The Policy & Evidence Centre, led by Nesta and in collaboration with the University of Glasgow has released a report looking at the changing online culture consumption behaviour amongst UK adults aged 12 and above. The conclusions of the report do not suggest that everyone will become a digital streamer of content, but rather the propensity to stream varies strongly with age. In addition to this conclusion, the report has some interesting conclusions regarding online copyright infringement.
The report concludes that age and social class predict the participation in streaming and the report does not support the narrative that everyone will become a digital streamer. It is not discussed in the report whether those who have adopted streaming as a way of consuming content now will continue to stream as they get older but reflects on past activity and uptake. The issue of awareness of legal options and copyright infringement is the focus of the comments below.
Consumer Consumption Trends
The report had some interesting findings in regards to the trends of digital consumption. Digital consumers are much more likely to be younger for audiovisual content and video games, but not for ebooks. Men are more likely to be gamers than women and the middle class is much more likely that the working class to digitally consume content (TV, music and books). However, unlike the propensity to consume digitally, spending on digital consumption does not have a straightfoward association with age.
The report states:
As one of the key innovations of the 2010s in how we consume culture, streaming is likely to continue to become more important to the creative industries in the next decade.PEC research report – Streaming culture
In fact, from 2013 to 2018 digital streaming was more popular than downloading for all audiovisual content. By 2018 it was around 3x more popular for downloading music videos, TV programmes, films and short videos. Streaming, it appears, is the future of accessing and consuming digital content.
Use of revenue data
The report also interpreted the Entertainment Retailers Association (ERA) aggregation of UK revenue data. The data shows that within the last five years, streaming has grown into the single largest source of revenue for the music industry. In 2015 streaming in the USA overtook both physical sales and digital downloads. In 2016 streaming overtook downloads and in 2017 it overtook physical sales. These figures support the conclusion that we are moving towards a consumption model based around streaming rather than holding physical copies (or even storing downloads).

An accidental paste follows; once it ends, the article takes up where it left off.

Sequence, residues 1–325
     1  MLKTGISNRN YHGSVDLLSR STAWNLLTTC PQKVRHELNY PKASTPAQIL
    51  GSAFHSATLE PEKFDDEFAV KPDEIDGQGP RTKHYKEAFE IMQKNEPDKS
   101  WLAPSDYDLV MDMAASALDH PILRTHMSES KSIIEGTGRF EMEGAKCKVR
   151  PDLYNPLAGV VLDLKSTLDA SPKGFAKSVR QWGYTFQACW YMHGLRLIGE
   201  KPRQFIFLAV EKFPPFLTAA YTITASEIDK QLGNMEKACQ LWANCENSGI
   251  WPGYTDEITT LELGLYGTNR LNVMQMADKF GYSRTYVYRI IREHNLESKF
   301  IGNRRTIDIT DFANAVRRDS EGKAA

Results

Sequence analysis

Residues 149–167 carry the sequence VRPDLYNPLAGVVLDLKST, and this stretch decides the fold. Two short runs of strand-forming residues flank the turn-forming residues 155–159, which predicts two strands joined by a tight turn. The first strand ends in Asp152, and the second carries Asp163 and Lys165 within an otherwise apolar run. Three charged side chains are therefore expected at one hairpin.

Brand recognition of cultural platforms
The report also explores the awareness of legal vs copyright infringing options for consuming content. It proposes an additional reason for explaining infringing behaviours – the relatively low brand recognition of legal options.
This conclusion is reached following numerous studies having concluded that the improvements in the availability from legal channels has decreased illegal consumption. The report notes that awareness of legitimate digital platforms is not as high as you might think. Similarly, brand recognition is not as high as you may think. The report states:
the brand recognition of some digital consumption platforms can be significantly improved. In fact, according to the survey, in 2018, among a list of over 70 legal platforms, only 8 were recognised by more than 50% of the user population (people who had streamed TV in the past three months).
This figure may seem low, but when considering the number of website that individuals visit to watch, listen or read online it is probably to be expected. Most consumers will have a favourite platform (or two) for each content category and watch/listen/read the majority of their content via that platform. Extend this to each medium of content consumption and eight well known platforms becomes a far more reasonable number.
The report is worth reading for anyone interested in digital content consumption and shows that there is work to be done if each age and socio-economic group is to take part in the uptake of streaming. With a greater number of legitimate platforms becoming available, infringing activity is likely to (and has been shown to) decrease. Whether the increasing brand recognition for legitimate platforms (which will no doubt have increased further due to COVID-19) will cause a continuing decrease in copyright infringement remains to be seen.
The full report is available here: Research Report on Streaming Culture
Quintais, J.P. & Poort, J. (2018) The Decline of Online Piracy: How Markets-Not Enforcement-Drive down Copyright Infringement. American University International Law Review 34, 807. Available:https://digitalcommons.wcl.american.edu/auilr/vol34/iss4/5/
Watson, S.J., Zizzo, D.J., Fleming, P. (2015) Determinants of Unlawful File Sharing: A Scoping Review. PLoS ONE 10(6): e0127921. Available: https://www.create.ac.uk/publications/determinants-and-welfare-implications-of- unlawful-file-sharing-a-scoping-review/ (CREATe working paper 2014/5)https://doi.org/10.1371/journal.pone.0127921 (PLoS ONE 10/6)